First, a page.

Joseph Pfeiffer


Apostolic Christian Church; Neo-Anabaptist; Anabaptist; Samuel Fröhlich; Sectarian identity formation; Nazarene


This article traces the emergence, proliferation, and identity formation of a 19th century Neo-Anabaptist sect known variously as Neutäufer (New Anabaptists), Nazarenes, and Apostolic Christian Church. The Neutäufer emerged during an era that was a turning point in world religious history, marked by a renewed sense of missionary vigor and the proliferation of major voluntary (as opposed to state-driven) religious movements. These movements radically transformed Western, and even global, Christianity. The article gives detailed attention to the role of Samuel Heinrich Fröhlich in synthesizing evangelical renewalist impulses with traditional Anabaptist convictions. It also follows the tensions that emerged, where agreed upon centrally held traditional Anabaptist values—e.g. non-conformity, plainness, and separation from the world—came to be understood differently as the movement diversified beyond its original context. This article not only contributes to the historical study of the Neutäufer but also contributes to understanding the sociological dynamics of the emergence, establishment, and fragmentation of religious sectarian movements more generally.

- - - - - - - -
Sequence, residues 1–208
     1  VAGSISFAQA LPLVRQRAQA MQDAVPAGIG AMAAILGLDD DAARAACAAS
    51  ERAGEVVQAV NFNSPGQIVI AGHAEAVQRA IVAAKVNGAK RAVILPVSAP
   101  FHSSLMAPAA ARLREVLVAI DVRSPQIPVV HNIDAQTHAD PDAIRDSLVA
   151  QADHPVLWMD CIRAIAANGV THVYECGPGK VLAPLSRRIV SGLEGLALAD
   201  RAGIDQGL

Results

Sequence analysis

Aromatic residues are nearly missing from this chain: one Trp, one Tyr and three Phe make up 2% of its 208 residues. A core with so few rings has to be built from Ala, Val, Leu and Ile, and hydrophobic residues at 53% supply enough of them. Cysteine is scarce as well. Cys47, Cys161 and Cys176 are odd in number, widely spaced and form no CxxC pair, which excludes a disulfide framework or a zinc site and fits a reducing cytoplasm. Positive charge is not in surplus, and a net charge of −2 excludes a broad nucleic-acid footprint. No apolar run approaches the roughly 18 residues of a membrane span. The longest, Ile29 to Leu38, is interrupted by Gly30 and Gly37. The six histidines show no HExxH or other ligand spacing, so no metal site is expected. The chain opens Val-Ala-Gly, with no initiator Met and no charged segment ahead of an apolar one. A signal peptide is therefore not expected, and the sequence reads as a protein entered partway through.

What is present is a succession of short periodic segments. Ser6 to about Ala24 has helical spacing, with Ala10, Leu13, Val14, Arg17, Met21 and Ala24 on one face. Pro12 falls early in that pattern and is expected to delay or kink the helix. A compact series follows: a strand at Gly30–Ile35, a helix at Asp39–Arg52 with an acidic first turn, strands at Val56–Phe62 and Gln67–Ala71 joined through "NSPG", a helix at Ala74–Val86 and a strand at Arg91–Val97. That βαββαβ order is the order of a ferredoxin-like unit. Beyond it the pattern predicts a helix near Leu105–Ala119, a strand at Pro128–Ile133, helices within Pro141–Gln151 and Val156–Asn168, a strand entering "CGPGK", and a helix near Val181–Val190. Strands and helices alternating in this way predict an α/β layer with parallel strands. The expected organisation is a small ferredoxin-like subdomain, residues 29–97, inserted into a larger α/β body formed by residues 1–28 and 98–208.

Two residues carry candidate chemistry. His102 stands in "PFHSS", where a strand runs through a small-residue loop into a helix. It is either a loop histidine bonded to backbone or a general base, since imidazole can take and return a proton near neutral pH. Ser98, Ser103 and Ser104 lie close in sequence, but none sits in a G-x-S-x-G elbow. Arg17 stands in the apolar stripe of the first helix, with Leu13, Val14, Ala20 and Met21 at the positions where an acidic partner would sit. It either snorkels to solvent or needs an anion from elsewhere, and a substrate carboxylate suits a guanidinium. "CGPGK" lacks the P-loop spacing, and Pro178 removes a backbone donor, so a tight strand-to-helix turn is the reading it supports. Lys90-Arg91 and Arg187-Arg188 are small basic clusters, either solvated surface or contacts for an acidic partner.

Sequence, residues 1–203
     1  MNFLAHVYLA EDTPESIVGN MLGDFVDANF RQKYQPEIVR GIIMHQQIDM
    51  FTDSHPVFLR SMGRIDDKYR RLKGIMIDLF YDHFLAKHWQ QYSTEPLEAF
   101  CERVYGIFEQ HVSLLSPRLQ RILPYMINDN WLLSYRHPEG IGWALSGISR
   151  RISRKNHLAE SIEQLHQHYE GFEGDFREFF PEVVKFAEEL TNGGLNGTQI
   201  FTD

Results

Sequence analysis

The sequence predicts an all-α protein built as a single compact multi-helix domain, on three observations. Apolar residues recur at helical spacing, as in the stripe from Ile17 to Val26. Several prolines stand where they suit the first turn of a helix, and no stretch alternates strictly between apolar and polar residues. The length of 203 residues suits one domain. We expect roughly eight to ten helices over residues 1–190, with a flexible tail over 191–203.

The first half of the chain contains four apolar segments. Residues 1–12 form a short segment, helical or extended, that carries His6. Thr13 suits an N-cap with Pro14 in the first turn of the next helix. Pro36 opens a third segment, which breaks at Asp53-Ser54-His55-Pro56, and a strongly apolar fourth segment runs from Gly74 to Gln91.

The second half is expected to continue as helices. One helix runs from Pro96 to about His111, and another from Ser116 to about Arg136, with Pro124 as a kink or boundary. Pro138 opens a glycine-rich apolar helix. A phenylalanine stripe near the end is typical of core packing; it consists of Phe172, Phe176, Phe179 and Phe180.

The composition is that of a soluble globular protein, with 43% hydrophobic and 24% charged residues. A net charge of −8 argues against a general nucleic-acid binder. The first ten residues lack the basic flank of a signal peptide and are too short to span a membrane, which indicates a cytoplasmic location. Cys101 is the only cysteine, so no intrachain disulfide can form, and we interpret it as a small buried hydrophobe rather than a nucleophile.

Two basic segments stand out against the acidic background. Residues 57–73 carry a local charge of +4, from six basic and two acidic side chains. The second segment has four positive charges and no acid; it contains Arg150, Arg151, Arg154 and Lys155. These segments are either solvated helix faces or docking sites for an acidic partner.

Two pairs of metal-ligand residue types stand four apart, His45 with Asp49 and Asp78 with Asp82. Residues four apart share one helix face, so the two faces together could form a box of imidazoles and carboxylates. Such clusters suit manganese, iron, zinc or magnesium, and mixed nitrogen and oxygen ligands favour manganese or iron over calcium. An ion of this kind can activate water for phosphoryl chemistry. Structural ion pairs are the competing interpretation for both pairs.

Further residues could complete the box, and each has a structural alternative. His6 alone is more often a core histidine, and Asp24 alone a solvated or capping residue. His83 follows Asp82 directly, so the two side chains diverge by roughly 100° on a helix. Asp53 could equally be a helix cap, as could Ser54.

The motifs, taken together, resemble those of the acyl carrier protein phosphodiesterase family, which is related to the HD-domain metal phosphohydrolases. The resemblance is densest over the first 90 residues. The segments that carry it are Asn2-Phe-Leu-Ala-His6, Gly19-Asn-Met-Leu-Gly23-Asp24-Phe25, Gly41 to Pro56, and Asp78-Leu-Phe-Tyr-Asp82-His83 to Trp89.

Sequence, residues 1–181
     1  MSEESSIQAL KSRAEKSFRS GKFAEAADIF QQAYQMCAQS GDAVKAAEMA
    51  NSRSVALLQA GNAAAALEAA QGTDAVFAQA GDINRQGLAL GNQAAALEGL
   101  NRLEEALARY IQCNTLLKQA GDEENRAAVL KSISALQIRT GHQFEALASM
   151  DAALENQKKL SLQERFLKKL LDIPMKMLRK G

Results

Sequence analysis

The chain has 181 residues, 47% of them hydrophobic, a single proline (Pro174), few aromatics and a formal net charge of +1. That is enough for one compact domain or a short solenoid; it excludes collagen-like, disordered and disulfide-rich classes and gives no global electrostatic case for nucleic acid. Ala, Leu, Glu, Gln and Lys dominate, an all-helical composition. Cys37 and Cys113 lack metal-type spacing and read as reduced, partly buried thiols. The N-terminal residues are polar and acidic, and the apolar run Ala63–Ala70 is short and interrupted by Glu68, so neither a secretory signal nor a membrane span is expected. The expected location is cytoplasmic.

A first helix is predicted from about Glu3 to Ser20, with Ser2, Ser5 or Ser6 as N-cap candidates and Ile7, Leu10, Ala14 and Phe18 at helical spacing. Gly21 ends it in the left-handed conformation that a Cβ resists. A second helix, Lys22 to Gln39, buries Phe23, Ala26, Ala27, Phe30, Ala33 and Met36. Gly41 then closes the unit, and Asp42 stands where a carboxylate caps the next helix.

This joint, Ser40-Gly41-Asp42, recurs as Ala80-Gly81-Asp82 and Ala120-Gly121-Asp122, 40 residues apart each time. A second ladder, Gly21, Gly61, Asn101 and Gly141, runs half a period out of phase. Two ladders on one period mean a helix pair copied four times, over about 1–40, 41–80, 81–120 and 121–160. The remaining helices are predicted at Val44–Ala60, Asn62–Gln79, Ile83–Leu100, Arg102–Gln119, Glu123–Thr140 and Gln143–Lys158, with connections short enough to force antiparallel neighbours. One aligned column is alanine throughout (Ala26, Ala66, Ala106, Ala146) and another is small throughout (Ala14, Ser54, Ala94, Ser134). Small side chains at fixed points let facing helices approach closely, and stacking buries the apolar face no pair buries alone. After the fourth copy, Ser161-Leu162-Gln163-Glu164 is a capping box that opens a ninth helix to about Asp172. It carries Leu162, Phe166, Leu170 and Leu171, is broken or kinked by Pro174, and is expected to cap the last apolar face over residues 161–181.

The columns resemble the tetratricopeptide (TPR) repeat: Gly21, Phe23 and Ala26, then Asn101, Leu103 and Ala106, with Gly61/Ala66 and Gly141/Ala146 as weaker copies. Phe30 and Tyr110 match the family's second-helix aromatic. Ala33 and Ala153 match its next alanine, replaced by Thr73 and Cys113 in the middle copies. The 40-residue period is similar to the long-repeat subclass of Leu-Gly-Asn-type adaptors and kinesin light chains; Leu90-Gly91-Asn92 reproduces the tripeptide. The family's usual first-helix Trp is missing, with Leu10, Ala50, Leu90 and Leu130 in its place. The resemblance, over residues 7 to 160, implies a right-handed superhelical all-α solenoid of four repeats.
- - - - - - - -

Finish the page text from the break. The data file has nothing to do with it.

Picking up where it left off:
Many thanks to the numerous members and former members of the Apostolic Christian Churches when I conducted fieldwork, and also for helping me find important documents related to Apostolic Christian Church history.



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